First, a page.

We also encountered the Waterlooplein flea market near the Rembrandt House, which features just about any kind of merchandise you could think of, including clothes weighed by the kilo. The city’s floating flower market, the Bloemenmarkt—actually in the Singel canal—is famous for both floating and being full of flowers.

Man serving coffee from a VW bug.
Mobile coffee vendor at the Museum Market

My favorite surprise was finding the Museum Market, which happens near the Rijksmuseum and the Van Gogh museum on the third Sunday of the month. It features cool arts and crafts and some great food trucks, including a few converted VW buses and cars, which always make me smile. If you’re visiting in December, don’t miss the festive Christmas markets.

See Our Lord in the Attic

Altar and religious painting in a church sanctuary.
The unique sanctuary of Our Lord in the Attic

My favorite church by far is Our Lord in the Attic, a clandestine church that was quite literally hidden in the top three floors of a canal house. Dating from the 1660s, this Catholic church was more-or-less secret for 200 years.

Our Lord in the Attic was born out of necessity. After the Reformation, Catholics could no longer practice their religion openly. But a church that didn’t look like a church was just fine. The presence of a shop downstairs and typical bedrooms and kitchen helped keep up appearances.

Visitors can see the church as it was about 300 years ago, complete with its beautiful Baroque altar and unexpected color scheme. If you’re looking for something unique to see in Amsterdam, this is it.

Try Dutch food

Meat skewers and vegetables on a plate.
Indonesian food at Sama Sebo

There are so many amazing things to eat in Amsterdam. There are more typical items like cheese and stroopwafels as well as unexpected treats like delicious silver-dollar-sized pancakes (poffertjes) topped with butter, syrup, and powdered sugar.

If you like to dig into a place through its food, consider taking a food tour like we did. You’ll get to try a variety of delicious dishes while learning about the stories behind them and why they matter to the Dutch.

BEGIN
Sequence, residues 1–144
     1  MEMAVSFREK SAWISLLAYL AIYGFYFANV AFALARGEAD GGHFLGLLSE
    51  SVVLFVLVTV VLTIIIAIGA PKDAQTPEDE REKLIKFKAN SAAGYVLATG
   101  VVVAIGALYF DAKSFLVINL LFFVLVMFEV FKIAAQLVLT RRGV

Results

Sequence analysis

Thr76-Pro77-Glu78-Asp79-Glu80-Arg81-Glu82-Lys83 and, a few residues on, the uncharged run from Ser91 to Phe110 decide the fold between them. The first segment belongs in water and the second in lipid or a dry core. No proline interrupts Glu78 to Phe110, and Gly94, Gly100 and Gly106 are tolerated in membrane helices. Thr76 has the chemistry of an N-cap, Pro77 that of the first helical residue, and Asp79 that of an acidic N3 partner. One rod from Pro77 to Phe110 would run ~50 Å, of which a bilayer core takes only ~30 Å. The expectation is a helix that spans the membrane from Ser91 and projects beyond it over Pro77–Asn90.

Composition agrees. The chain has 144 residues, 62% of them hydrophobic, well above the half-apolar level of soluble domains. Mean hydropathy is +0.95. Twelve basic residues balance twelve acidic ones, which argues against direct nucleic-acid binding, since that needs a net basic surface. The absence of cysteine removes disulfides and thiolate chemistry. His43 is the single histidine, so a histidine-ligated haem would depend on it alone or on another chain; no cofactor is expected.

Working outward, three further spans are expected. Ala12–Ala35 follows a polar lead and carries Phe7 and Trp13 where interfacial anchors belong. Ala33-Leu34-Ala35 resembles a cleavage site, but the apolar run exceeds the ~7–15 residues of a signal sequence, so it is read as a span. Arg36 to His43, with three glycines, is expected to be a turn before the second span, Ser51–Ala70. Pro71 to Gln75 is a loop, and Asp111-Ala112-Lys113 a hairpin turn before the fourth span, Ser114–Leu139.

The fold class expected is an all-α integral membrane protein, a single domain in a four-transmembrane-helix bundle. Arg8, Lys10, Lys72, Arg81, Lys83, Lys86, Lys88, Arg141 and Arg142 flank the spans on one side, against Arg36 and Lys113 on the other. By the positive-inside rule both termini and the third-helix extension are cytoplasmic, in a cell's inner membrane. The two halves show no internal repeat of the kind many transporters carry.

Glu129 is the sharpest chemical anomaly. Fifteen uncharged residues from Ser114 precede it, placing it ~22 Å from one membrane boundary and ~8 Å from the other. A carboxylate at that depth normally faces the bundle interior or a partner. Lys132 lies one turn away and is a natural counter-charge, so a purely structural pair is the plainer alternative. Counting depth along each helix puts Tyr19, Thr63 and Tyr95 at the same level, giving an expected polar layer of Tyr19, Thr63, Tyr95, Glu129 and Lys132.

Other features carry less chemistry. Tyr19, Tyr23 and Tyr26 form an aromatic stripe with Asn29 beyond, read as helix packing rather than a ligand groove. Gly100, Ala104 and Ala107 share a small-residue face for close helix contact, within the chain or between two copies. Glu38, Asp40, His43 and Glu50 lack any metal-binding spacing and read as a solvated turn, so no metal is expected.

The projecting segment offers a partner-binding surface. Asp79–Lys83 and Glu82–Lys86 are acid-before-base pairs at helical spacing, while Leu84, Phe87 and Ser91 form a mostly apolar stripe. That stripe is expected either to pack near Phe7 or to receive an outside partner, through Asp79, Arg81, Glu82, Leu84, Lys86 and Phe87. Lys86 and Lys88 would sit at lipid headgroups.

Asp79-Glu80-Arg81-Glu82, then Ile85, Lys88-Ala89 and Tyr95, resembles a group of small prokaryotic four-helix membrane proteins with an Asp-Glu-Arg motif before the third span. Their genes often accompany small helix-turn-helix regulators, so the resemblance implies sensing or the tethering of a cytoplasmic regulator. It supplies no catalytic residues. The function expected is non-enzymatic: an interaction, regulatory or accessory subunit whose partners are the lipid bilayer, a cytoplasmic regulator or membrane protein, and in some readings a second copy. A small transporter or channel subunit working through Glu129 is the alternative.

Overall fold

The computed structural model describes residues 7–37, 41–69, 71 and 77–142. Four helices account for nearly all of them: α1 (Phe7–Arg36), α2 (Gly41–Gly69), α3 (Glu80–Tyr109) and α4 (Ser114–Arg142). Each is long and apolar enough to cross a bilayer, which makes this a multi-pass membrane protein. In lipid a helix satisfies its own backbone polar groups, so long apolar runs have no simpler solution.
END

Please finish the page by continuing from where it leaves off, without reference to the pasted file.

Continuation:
No matter what, make room in your trip to stop for Indonesian food. The food of the former Dutch colony is popular and amazing. Trying the rijsttafel (“rice table”)—a meal of 15+ small dishes of everything from eggrolls to satay–is a must do. We’re partial to Sama Sebo and Sampurna.

Visit MOCO Museum

Large brick townhouse with purple trim and a sign for "MOCO Museum."
Moco is located in a townhouse built in 1904

On a spot on Museumplein is the Modern Contemporary Museum known as the MOCO Museum. As the name indicates, the art showcased in this turn-of-the-century townhouse is modern, focusing on the likes of Jean-Michel Basquiat, Damien Hirst, and my personal favorites like Andy Warhol and Keith Haring. Their work, which is part of the permanent collection, is on the museum’s top floor.

The rest of the space in MOCO is dedicated to temporary exhibits from a changing list of artists. Roy Lichtenstein’s bright, cartoon-like works have been shown here alongside large exhibits featuring the pieces (some chiseled from walls) of the renowned street artist and political activist Banksy. Outside, you can see–and even climb on–a group of unusual sculptures. It’s an Instagrammer’s dream.

Red gummy bear statue holding a mug shot plaque.
Vandal Gummy by WhIsBe

Like the nearby museums, MOCO is super popular. But, unlike them, it is fairly small, to it’s not unusual for there to be a wait. Consider reserving tickets online ahead of time if the MOCO is on your list. If you reserve, you even get a small discount.